Magnetic resonance angiography of pulmonary veins: implications for catheter ablation of atrial fibrillation

Pacing Clin Electrophysiol. 2005 Oct;28(10):1073-80. doi: 10.1111/j.1540-8159.2005.00228.x.


Introduction: Catheter ablation of atrial fibrillation (AF) requires exact anatomical information about pulmonary venous (PV) ostia. In this study, anatomy of pulmonary veins (PVs) was assessed using three-dimensional (3D) reconstructions of magnetic resonance angiography (MRA).

Methods and results: Contrast-enhanced MRA of the PVs was performed in 40 patients (mean age 53 +/- 9 years) with paroxysmal (30 patients) or persistent (10 patients) AF, scheduled for circumferential ablation around PV ostia. PV ostial anatomy and diameters were evaluated from multiplanar reconstructions and compared with 3D reconstructions. Thirty (75%) patients presented with a common left-sided antrum (21 short and 9 long trunk), while additional PVs were found on right side in 23%. PV ostia were oblong in shape (mean diameters 17.0 +/- 4.3 vs 10.5 +/- 2.5 mm by two-dimensional (2D) measurements, and 20.8 +/- 7.6 mm vs 12.9 +/- 3.3 mm by 3D reconstruction, in long and short axis, respectively). There was a correlation between measurements obtained from 2D and 3D images, although 3D imaging provided slightly larger diameters.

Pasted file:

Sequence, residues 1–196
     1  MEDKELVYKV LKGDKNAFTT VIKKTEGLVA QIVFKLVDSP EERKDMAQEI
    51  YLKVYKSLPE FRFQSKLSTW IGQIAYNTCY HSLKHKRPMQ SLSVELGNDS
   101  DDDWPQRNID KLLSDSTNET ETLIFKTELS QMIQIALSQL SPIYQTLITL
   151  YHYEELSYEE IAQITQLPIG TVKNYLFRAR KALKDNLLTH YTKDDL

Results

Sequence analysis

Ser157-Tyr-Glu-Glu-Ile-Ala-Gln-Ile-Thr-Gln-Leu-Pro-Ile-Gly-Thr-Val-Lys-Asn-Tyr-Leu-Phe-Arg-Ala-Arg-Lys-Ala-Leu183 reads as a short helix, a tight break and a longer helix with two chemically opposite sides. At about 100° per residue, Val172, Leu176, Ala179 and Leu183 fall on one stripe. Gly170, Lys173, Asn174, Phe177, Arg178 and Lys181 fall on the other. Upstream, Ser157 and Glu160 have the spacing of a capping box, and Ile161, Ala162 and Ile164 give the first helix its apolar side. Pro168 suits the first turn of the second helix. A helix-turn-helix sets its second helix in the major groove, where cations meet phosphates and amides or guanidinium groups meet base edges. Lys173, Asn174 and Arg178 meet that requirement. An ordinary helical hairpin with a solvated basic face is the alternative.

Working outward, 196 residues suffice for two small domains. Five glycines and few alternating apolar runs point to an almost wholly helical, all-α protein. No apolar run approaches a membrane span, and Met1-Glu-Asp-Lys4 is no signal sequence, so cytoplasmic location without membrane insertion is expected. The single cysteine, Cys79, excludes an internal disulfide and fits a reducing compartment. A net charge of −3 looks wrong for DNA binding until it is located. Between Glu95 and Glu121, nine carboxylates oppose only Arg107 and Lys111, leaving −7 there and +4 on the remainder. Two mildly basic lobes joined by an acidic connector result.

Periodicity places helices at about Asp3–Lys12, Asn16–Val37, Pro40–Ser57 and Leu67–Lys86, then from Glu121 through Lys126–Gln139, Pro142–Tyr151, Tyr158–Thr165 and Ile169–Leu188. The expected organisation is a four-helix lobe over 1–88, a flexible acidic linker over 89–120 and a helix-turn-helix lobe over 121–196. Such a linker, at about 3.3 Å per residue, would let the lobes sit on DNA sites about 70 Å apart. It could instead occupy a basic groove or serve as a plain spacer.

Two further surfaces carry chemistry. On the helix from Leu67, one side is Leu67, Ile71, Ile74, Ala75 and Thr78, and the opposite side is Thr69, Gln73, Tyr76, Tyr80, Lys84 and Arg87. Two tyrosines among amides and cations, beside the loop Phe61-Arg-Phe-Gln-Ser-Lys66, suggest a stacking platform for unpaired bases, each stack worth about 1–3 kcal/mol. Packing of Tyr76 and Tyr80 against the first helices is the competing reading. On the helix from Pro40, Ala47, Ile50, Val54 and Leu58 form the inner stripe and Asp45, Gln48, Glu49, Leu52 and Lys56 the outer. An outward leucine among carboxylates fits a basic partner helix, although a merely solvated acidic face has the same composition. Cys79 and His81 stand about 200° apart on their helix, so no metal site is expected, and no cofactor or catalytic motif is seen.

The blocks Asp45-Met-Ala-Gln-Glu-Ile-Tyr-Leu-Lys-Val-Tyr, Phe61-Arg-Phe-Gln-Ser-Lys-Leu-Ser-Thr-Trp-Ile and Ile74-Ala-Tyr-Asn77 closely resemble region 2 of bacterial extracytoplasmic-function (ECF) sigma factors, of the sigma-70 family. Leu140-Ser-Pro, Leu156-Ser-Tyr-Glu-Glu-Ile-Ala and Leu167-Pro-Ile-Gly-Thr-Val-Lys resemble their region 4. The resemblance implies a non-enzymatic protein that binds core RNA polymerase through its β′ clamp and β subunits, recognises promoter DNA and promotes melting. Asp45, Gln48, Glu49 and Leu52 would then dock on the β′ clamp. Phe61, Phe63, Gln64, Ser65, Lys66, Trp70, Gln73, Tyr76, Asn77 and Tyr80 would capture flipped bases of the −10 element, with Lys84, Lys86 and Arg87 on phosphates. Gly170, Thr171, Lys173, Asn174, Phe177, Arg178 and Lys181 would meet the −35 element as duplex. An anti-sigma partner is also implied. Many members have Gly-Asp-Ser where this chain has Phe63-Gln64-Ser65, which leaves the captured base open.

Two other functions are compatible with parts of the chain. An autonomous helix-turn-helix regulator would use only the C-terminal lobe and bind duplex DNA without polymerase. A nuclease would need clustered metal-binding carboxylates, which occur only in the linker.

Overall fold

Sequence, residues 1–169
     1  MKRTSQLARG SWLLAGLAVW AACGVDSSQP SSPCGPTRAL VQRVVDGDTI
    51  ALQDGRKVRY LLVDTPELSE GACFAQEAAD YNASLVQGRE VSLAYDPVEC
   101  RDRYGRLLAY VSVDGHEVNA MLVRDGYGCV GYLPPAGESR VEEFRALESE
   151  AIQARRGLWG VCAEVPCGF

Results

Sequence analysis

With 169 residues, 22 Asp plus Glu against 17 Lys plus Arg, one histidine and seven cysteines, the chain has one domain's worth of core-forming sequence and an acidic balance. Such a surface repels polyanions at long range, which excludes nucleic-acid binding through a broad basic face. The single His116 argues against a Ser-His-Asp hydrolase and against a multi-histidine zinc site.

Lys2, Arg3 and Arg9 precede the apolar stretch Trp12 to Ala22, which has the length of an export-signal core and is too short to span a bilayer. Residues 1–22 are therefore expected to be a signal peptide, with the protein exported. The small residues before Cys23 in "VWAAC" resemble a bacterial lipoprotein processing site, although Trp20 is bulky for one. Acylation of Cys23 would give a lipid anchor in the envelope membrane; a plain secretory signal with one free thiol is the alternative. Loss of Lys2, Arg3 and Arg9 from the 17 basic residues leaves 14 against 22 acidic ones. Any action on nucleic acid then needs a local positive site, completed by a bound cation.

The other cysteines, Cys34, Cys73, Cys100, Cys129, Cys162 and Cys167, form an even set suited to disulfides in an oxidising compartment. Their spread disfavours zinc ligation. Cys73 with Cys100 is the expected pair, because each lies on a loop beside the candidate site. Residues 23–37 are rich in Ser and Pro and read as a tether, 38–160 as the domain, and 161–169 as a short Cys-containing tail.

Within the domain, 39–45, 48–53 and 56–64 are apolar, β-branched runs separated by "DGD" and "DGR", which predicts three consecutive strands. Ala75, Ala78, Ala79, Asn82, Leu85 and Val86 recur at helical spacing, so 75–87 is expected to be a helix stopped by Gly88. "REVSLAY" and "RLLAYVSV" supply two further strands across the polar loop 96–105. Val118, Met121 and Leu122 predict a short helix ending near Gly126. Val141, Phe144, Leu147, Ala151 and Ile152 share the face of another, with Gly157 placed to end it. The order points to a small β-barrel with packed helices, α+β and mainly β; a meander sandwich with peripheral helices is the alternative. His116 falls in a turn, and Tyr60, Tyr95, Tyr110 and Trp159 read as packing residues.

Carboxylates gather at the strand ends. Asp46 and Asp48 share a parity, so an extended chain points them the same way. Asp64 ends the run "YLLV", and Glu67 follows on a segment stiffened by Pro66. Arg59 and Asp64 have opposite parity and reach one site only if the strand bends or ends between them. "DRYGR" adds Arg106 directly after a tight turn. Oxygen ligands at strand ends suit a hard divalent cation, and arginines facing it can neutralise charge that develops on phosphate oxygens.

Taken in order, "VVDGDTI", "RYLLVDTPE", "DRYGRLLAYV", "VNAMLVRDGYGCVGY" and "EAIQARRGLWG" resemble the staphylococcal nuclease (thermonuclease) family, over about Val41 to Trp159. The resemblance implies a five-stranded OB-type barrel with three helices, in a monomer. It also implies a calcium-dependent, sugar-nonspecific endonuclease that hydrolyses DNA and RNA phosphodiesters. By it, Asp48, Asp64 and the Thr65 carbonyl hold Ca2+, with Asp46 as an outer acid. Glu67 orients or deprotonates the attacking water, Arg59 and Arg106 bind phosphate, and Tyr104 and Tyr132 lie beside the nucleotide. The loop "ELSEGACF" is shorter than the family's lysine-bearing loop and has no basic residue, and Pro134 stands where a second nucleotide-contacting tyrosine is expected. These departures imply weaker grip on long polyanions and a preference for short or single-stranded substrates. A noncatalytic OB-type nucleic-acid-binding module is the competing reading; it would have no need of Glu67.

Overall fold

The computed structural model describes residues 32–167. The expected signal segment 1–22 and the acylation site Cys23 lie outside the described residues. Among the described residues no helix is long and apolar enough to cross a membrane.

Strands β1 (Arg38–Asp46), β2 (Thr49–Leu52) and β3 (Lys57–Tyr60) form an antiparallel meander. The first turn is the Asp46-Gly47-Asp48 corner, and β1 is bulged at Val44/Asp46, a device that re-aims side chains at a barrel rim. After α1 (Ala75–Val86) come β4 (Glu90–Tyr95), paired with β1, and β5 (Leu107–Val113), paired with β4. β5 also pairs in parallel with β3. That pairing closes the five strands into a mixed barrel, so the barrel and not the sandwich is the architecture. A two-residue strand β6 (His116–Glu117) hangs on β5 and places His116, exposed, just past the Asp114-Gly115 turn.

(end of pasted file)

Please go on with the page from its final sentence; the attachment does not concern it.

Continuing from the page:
Conclusions: MRA with 3D reconstructions is an important technique for preprocedural assessment of PVs that allows full understanding of their anatomy and size. This information may be important for selection of appropriate tools.

Publication types

  • Research Support, Non-U.S. Gov't

MeSH terms

  • Adult
  • Aged
  • Atrial Fibrillation / surgery*
  • Catheter Ablation*
  • Female
  • Humans
  • Imaging, Three-Dimensional*
  • Magnetic Resonance Angiography*
  • Male
  • Middle Aged
  • Pulmonary Veins / anatomy & histology*